JFK Saves the World with an Etch A Sketch
That could easily have been the headline in October of 1962.
When the drawing toy first arrived in the US, there’d never anything like it. In an age of fingerpainting and Play Doh, and woven summer-school ‘Scooby-Do’ boondoggles, it was precise, instant and tactile. That, and its tv-screen form-factor and control knobs gave it a progressive, ‘technological’ feel. But while it had all the characteristics of an intelligent, powered device, it delivered its instant gratification without the use of electricity.
Then, at any point during or after your drawing session, a deft shake of the slate wiped your slate clean. To the kids of the day, trained to prepare for a rain of Soviet missiles at a moment’s notice, a drawing of your creation, like one’s suburb or city, was celebrated for its transience. Your evanescent work-product, a tiny life all its own, could be made to vanish just like ‘Pfffftttt!’
The inventor died recently, which surprised me. I didn’t know there was a specific inventor, I’d just assumed it was designed by a committee of space-age engineers. Of course, he was French. André Cassagnes. The truly unique things in our lives are always invented by some solitary French guy. Like Braille (Louis Braille). Scuba (Jacques Cousteau). Pasteurization (another ‘Louis’). And the 3-hour workday (‘Pepé Le Pew’).
Introduced to the market in 1960, the device was an instant hit worldwide, and was very popular in the Kennedy White House. JFK purloined this birthday gift Caroline had received, and during the Cuban Missile Crisis, used it in the Oval Office for top-secret communications with his staff. It was silent (unlike a chalkboard), and the Russians knew nothing about this new American-manufactured toy. Kennedy loved the instant ‘erase’ feature. The “President-a-Sketch” became so popular during his administration that JFK had one just for the Cabinet. And the Desk. And the Credenza. And the Lincoln bedroom. Here are some Etch-a-Sketch variants:
Hedge-a-Sketch: Used by fund managers to draw big, rosy graphs of their investment returns, smaller doodles of their fees, and tiny icons of the risks to investors and claims of liquidity.
Kvetch-a-Sketch: Very popular in Hollywood. No matter what you draw on the device, it comes out as a complaint. You manage to get Barbara Streisand to sing at your son’s Bar Mitzvah, and when you try to write her a ‘thank you’, it comes out as a big, fat bellyache about song choice. Tuxedo version available each February to sketch complaints about Academy Awards seat assignments, with the ‘erase’ feature disabled.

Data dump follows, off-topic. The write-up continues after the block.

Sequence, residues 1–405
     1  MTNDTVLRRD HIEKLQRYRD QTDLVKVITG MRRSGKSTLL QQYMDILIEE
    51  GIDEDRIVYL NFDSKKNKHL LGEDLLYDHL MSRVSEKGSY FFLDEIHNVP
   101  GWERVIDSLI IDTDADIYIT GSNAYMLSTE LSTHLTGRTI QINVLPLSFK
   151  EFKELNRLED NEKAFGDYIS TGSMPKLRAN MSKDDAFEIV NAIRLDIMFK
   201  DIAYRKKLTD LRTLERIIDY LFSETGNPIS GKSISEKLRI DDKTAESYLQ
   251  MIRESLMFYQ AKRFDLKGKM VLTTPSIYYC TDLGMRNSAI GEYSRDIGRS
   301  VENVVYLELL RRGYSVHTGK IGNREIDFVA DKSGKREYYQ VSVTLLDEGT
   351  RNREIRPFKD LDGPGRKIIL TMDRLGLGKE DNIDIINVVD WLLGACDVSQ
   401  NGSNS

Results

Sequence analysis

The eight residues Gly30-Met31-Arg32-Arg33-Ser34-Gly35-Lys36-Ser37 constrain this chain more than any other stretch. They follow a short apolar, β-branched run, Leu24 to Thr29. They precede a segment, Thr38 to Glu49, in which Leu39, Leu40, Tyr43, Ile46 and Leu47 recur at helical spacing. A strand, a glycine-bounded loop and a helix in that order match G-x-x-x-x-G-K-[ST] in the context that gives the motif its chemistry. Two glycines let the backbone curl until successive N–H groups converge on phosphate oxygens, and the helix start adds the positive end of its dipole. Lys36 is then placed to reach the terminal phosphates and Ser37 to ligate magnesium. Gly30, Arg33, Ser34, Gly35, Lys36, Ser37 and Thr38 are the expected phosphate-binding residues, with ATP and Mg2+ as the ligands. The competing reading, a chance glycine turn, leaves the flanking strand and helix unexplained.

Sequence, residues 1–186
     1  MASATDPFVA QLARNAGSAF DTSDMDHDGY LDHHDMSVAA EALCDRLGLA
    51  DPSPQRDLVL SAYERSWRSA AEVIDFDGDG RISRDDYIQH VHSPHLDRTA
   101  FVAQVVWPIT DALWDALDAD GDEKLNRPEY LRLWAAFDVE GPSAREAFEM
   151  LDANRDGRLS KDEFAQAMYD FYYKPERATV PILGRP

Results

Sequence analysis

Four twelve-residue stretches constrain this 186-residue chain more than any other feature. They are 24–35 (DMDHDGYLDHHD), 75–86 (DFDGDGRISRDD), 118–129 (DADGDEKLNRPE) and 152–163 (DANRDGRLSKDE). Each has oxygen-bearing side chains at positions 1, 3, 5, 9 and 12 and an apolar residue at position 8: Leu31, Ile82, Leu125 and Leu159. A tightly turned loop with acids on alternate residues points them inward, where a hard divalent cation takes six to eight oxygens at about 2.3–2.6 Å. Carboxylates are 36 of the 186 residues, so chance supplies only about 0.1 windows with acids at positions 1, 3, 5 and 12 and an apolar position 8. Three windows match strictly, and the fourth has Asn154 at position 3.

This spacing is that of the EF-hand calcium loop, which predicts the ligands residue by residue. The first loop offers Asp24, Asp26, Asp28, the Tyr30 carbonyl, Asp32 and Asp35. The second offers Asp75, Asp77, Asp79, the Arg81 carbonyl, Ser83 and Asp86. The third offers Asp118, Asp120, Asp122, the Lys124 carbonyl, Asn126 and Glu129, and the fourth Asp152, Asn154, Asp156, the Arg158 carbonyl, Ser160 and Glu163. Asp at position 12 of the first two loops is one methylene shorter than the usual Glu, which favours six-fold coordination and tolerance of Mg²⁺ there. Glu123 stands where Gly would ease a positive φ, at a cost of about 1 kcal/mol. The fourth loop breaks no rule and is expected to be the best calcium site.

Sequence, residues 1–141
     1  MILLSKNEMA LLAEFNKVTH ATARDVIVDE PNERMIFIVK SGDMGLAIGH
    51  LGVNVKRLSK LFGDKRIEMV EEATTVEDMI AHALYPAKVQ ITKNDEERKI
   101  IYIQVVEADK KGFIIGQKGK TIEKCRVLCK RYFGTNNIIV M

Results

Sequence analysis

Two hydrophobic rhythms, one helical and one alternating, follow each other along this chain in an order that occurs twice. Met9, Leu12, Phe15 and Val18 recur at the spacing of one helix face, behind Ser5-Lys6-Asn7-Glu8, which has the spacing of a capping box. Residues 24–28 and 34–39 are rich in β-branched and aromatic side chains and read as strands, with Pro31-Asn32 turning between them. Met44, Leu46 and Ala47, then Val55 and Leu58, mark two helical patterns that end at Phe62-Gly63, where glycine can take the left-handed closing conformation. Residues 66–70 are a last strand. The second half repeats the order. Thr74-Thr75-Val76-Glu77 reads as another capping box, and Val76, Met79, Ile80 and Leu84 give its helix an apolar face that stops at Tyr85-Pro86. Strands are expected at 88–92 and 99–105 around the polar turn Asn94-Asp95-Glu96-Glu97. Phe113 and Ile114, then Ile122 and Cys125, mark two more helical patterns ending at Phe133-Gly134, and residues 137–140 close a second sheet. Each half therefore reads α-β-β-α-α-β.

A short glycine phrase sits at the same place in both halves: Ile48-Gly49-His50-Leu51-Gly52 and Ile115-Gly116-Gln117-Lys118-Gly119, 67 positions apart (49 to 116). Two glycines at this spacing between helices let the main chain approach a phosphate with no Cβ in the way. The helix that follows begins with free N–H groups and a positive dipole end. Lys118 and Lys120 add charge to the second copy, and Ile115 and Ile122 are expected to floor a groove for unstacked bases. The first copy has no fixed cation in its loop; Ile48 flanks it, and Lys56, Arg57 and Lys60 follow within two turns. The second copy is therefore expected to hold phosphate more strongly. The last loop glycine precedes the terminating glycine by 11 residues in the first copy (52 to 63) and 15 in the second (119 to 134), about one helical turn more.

Fletch-a-Sketch: no matter what you draw, it comes out as an ill-conceived caricature of a notable personality parodied in Chevy Chase spy movies.
Pitching Wedge-a-Sketch: Found in the golf bags of some top tournament champions, used by caddies to show their players ideas for tricky short game golf shots, and for noting the phone numbers of available fans. Legal for tournament play by competitors only; fans may not use for autographs.
Veg-a-Sketch: draw in any item from a carnivore’s diet, and the pad will show you a vegan equivalent. Draw in fish oil capsules, and you’ll get a sketch of flax seeds…and the toothpick you’ll need to get them out from between your teeth.
Pledge-a-Sketch: A crowdfunding tool. An Etch a Sketch that is networked to large groups of people, each of which controls one movement of either the horizontal or vertical knob. Once a funding objective is announced, the crowd ‘designs’ contributions to which they are pledged financially.
Wedge-a-Sketch: draws pictures of people you don’t like, with their underwear pulled up into their buttocks.
Dredge-a-Sketch: a device provided free of charge by political campaigns to their opponents, in hopes that their spokespeople will refer to its ‘quick erase’ feature as representative of their candidates’ sincerity. You couldn’t write a more bizarre script, so the Dredge-a-Sketch won’t let you(!) The unit will also graphically portray the candidates’ instant drop in popularity and the evaporation of campaign contributions.
Allege-a-Sketch: used by District Attorneys to construct complaints against defendants after the investigators have used them to sketch likenesses of the suspects, layout of a crime scene, and depictions of evidence. The device then gets handed around the jury box to allow the jurors to draw their own conclusions.
Stretch-a-Sketch: you lay this version on your floor mat during warm-up for your Pilates. The exercise is called ‘Cat With Knobs’ and using anything but your hands to operate the two dials, draw sketches of the perfect body you visualize for yourself.
Don’t just take our word for it. There’s a blank slate of Etch A Sketch possibilities waiting for you here. Just ‘Click to Sketch’: